3 A-grid vs C-grid

The most complete description of the approach taken in the DieCAST family of models is given by Sheng et al. (1998). This paper gives a systematic and thorough derivation of the basic numerics and the finite difference formulation on a C-grid. For convenience, we have reproduced the basic model formulation from Sheng et al. (1998) in Appendix A, which includes a discussion of both the A-grid and C-grid formulations. Below, we give a brief discussion of the differences between the C-grid and A-grid versions of the model. Fig. 1a shows the A-grid and C-grid configurations, and Fig. 1b shows the combined A-grid and C-grid used for the CANDIE A-grid model version described by this manual.

Both the C-grid and the A-grid versions of DieCAST are formulated in terms of a rectangular coordinate system in which the model domain is divided into regularly stacked boxes in the vertical. The ocean bottom is thus represented with a staircase approximation. For both model formulations, the temperature, salinity, and pressure are given as the average values over the volume of each box or model cell, and a control volume approach is used in which the average values of quantities within each cell are updated in accordance with the fluxes across the six cell faces. Differences between the two formulations occur in the representations of the horizontal velocity field. This is shown in Fig. 2 which depicts a three-dimensional CANDIE grid cell with the A-grid and C-grid points.

In the case of the C-grid, the velocity components are specified as average values on the faces of the cells: U is determined for the cell faces normal to the X-direction, V for cell faces normal to the Y-direction and W for cell faces normal to the Z-direction. For the A-grid, the vertical component of velocity is still specified on the top and bottom faces of the cell as in the C-grid, but the two horizontal velocity components are specified at the same locations as T, S, and P. (Often it is assumed that this position is at the cell center, but really the A-grid variables represent averages over the cell volume.)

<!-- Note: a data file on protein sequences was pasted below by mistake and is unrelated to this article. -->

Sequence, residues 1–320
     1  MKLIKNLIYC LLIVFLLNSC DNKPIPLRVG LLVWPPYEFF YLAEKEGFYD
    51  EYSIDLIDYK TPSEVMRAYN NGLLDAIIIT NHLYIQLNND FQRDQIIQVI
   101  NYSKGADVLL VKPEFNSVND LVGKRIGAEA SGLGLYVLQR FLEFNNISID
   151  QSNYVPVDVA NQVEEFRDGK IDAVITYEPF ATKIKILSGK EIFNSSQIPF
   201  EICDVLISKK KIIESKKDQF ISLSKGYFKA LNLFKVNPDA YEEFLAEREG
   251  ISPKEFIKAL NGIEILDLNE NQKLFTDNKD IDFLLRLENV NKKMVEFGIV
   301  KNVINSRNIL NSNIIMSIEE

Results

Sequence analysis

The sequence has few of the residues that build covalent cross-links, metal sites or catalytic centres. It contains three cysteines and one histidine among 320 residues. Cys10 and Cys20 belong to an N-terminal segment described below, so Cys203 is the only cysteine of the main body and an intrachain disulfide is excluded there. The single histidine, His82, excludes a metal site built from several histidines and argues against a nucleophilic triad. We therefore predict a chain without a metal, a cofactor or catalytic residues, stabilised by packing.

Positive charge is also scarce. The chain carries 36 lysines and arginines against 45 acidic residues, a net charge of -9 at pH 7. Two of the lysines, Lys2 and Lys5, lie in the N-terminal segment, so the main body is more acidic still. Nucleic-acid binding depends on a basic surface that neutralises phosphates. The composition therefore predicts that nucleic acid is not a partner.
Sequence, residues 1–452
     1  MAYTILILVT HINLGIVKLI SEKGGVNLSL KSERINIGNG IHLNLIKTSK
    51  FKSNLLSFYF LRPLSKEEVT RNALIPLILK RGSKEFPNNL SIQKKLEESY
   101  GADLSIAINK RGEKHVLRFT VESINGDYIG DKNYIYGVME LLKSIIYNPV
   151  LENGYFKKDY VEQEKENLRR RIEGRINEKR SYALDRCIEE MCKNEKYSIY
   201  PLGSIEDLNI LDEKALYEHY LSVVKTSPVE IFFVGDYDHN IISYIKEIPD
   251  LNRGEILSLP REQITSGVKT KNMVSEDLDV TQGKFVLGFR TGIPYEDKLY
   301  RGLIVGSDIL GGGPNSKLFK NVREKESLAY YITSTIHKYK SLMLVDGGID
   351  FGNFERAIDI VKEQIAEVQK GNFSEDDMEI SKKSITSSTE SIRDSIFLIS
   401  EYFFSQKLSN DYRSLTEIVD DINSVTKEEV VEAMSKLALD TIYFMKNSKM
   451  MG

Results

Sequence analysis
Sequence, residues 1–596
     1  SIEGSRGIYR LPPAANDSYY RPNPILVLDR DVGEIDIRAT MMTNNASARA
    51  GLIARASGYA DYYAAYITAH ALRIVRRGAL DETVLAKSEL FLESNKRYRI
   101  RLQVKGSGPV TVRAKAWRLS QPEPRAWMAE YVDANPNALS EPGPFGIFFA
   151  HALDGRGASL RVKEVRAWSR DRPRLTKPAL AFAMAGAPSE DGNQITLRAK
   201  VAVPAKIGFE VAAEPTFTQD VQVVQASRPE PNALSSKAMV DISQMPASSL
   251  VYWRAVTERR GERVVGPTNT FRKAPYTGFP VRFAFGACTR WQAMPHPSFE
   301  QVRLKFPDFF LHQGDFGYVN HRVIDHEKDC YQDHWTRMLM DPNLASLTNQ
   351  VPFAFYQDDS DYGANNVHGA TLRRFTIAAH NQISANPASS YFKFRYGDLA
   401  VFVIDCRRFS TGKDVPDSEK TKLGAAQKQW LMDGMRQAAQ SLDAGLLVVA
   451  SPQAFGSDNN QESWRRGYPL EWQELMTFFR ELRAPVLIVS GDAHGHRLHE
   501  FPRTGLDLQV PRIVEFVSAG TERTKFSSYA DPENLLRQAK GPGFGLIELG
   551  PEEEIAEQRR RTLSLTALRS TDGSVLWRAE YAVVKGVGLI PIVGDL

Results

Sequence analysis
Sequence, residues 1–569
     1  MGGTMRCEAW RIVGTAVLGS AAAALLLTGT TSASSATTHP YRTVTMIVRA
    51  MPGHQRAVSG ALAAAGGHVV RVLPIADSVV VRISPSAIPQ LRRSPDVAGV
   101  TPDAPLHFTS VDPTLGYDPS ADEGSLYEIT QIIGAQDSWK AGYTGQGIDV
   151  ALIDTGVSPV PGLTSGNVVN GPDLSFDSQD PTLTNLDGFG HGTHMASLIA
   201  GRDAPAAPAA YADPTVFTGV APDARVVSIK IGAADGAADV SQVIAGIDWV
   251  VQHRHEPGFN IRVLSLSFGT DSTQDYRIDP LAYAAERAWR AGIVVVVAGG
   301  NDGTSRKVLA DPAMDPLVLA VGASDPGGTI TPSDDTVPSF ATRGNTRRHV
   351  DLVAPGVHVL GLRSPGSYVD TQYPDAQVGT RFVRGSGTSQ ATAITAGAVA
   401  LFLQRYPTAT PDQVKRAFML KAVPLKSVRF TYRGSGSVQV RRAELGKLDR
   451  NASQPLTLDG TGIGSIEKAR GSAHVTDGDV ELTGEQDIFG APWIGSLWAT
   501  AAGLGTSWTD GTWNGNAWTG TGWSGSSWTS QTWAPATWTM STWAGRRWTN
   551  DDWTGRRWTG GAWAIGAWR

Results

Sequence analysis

Each of the above choices has its limitations. For the C-grid, there is a problem associated with the treatment of the Coriolis force because updating the X-component of velocity (U) requires knowledge of the Y-component (V) at the U point, and vice versa. Thus, one is forced to interpolate horizontal velocity components in order to deal with the Coriolis force on a C-grid. On the A-grid, no interpolations are required to determine the Coriolis force, but the conservation equations for heat, salt, momentum and tracers each require knowledge of the velocity components on the cell faces, i.e., on the C-grid. Thus interpolations of the horizontal velocity components are again required. This is the only real difference between the C-grid and A-grid formulations of DieCAST. The remainder of this communication deals only with the A-grid formulation.

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